Fiber tracking method delivers important new insights into turbulence

There are many scales that swirls and eddies can occur in turbulent flows. Credit: Complex Fluids and Flows Unit (OIST).
Turbulence is an integral part of many daily events, including heart murmurs, pipeline transport of oil, and bumpy planes and the dispersal and distribution of pollutants. Scientists still haven't figured out how to predict the unpredictable behavior of turbulent flows and the swirls.

A new method for measuring turbulent flow has been developed by a global collaboration of scientists from Okinawa Institute of Science and Technology Graduate University in Japan and the University of Genova (Italy), KTH Stockholm, Sweden, and ETH Zurich (Switzerland). Researchers could obtain a better picture of turbulent flow patterns by using fibers instead of particles, a new method of measuring them. The journal Physical Review X published their method on 17 September.

Dr. Stefano Olivieri was a postdoctoral researcher at OIST's Complex Fluids and Flows Unit. He was also the author of the study. It's hard to predict, simulate, and measure.

For many reasons, physicists face a difficult task in measuring turbulent flows. Turbulence is chaotic and random in its nature. It also happens at multiple scales simultaneously. The turbulent flow of fluid breaks down into smaller and smaller eddies, until the kinetic energy from the fluid is transferred to the surrounding environment as heat.

The most effective way to measure turbulent flow is to track the movement of particles (called tracers) that are added to fluid. These tiny particles have a similar density to fluid and move in the same direction and speed as the flow.

Researchers created a simulation in which fibers were added into a turbulent flow. To extract information about the flow, the motion of the fibers could be used. Credit: Complex Fluids and Flows Unit (OIST).

However, it is not enough to see how each particle moves in fluid swirls. Physics must be able to identify how particles at a certain distance move relative to one another. To characterize the vortex's motion, the particles must be closer together than the eddy.

Diffusivity is a key feature of turbulent flow. Turbulence will eventually spread apart, just like an ocean current. Many times, tracer can spread far too fast to accurately measure the behavior of the eddies.

Professor Marco Rosti who heads the OIST Complex Fluids and Flows Unit explained that each tracer particle moves independently from each other. Therefore, you need many tracer particles to find the ones that are right distance apart.

He said, "And too many tracer particle can actually disrupt flow."

The research team devised a simple and innovative solution to this problem by using fibers as tracer particles instead.

Researchers created a computer simulation in which fibers of different lengths were incorporated into turbulent flows. The fibers were made of rigid fibers, which separated the ends of the fibers at a fixed distance. Researchers were able to track how each fiber moved within the fluid over time and create a picture of the entire structure and scale of turbulent flow.

The ETH Zurich research team created a turbulent flow in a closed water tank to track the movement of fibers. Credit: ETH Zurich

We can use rigid fibers to measure the speed and direction of flow at two points that are a fixed distance apart. This allows us to see how the differences change depending upon the size of the eddy. We could also measure accurately the rate at which fluid's kinetic energy is transferred from the largest scale to the smallest, and then heat dissipated. Professor Rosti said that this value, known as the energy dissipation ratio, is crucial in the characterization of turbulent flows.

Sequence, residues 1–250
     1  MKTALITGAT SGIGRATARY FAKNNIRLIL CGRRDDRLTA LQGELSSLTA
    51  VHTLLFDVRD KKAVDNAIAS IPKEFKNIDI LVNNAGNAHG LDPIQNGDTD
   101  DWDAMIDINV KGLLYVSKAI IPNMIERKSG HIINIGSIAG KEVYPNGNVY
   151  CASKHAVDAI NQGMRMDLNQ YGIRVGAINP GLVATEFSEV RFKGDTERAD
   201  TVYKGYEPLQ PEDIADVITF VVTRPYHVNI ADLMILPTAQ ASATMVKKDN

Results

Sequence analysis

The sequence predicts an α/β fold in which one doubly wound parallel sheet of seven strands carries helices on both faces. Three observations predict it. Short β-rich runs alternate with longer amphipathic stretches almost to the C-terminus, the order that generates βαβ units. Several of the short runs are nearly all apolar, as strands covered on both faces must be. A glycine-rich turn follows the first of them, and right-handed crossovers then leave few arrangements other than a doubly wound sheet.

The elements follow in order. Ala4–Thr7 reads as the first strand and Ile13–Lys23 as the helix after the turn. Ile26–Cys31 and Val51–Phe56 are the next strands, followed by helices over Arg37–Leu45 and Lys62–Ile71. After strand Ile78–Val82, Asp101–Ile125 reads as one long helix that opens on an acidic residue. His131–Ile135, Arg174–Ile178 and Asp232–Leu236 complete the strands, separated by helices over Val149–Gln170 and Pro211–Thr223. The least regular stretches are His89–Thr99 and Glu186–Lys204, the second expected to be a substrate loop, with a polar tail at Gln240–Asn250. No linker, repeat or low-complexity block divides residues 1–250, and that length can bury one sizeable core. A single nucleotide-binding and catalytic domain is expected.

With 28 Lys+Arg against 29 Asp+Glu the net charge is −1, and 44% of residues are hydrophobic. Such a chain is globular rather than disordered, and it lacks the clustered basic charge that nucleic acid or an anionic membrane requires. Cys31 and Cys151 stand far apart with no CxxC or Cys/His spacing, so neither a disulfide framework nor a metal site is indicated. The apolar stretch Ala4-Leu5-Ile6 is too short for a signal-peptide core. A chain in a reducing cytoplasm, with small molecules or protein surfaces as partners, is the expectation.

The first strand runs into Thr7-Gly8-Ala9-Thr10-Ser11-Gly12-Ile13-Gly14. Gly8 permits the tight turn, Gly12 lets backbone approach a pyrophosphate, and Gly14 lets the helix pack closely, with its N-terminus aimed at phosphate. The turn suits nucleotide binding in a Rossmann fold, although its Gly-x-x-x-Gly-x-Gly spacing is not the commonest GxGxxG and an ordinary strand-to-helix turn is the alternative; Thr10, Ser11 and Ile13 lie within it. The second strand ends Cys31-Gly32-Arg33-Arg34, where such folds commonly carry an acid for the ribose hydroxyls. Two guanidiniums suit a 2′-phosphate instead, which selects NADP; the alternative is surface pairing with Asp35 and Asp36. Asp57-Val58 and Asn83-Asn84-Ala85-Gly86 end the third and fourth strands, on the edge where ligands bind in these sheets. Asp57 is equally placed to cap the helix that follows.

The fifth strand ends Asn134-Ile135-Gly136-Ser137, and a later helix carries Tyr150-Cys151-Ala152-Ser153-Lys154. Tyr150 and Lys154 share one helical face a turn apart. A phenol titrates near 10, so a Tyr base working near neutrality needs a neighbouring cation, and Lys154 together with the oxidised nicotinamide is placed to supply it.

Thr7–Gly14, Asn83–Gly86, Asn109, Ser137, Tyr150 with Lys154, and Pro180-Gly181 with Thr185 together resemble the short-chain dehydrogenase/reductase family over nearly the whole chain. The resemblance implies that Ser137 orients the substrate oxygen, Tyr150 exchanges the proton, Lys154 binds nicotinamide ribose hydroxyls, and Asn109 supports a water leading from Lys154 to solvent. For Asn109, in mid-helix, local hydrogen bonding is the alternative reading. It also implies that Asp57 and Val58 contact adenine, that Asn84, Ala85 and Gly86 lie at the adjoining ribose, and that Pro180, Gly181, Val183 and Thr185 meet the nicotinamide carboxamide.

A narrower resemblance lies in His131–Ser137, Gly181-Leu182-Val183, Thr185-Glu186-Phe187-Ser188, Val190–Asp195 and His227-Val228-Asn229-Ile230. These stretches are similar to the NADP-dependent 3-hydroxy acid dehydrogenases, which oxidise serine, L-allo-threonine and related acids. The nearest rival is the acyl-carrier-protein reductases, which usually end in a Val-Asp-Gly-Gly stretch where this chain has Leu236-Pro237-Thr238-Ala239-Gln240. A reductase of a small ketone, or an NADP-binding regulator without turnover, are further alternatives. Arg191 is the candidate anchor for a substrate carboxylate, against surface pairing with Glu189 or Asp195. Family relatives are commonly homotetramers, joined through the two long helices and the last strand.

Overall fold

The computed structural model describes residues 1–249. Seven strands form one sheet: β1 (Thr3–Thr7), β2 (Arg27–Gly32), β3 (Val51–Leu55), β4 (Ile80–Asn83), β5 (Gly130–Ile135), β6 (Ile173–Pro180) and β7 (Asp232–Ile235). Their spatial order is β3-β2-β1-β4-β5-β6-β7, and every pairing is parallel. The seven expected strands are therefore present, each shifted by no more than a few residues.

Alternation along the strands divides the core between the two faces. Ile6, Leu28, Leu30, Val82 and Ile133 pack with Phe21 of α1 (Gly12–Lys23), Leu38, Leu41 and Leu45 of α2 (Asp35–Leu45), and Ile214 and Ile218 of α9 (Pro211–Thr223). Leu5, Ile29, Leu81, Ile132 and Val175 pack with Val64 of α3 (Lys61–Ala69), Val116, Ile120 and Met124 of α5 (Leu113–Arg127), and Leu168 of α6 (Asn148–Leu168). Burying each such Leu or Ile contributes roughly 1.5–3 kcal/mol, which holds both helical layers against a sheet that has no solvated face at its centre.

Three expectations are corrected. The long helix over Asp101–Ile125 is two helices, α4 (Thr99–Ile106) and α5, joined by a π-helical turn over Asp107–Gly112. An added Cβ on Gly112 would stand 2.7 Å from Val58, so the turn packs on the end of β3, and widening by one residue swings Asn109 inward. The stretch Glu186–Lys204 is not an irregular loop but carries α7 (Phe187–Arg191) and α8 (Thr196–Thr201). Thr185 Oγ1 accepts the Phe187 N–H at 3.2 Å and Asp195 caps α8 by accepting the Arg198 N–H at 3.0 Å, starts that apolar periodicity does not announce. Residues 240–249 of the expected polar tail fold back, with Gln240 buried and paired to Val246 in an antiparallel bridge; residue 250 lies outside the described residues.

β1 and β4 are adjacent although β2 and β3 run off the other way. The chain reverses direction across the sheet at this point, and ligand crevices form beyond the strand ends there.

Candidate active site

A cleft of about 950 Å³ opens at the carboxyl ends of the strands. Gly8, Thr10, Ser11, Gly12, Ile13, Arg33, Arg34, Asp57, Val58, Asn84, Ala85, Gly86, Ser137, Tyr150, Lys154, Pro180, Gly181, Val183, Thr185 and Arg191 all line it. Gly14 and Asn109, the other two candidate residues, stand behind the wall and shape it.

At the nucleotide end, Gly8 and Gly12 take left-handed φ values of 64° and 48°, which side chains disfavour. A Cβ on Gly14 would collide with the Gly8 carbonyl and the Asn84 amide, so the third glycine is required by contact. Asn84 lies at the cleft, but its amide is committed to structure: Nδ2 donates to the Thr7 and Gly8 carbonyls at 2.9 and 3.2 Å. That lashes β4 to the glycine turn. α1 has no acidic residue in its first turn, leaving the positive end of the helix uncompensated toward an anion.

Researchers also conducted the same experiment in the lab. They manufactured two different fibers, one made from nylon and the other from a polymer called polydimethylsiloxane. Both fibers were tested by the team in a water tank with turbulent water. The fibers produced similar results to the simulation.

The scientists stressed that rigid fibers have one caveat: the fiber ends are restricted in movement.

"Due to fiber rigidity, fiber ends cannot move towards each other even if the flow direction is in the same direction." Dr. Olivieri explained that fibers cannot accurately represent the flow's movement in the same way tracer particles can. Before we could do simulations or run lab experiments, we had to first develop a theory that would account for these limitations. This was the most difficult part of the project.

Researchers also used a conventional method to measure turbulent flow in the laboratory, adding tracer particles to the water tank. Both the fiber method as well as the new theory provided similar results.

The researchers plan to improve their method by incorporating flexible fibers with less restriction in how they move. The researchers also plan to develop a theory for measuring turbulence in non-Newtonian fluids with different behavior than water and air.

Prof. Rosti stated that "this new technique has a lot potential, especially for scientists who study turbulence within large, open flows such as ocean currents." "And being able easily to measure quantities that were previously hard to obtain takes us one step closer towards understanding turbulence."

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More information: Stefano Brizzolara et., Fiber Tracking Velocimetry to Two-Point Statistics on Turbulence, Physical Review X (2021). Information from the Journal: Physical Review X Stefano Brizzolara et. al. Fiber Tracking Velocimetry For Two-Point Statistics Of Turbulence, (2021). DOI: 10.1103/PhysRevX.11.031060


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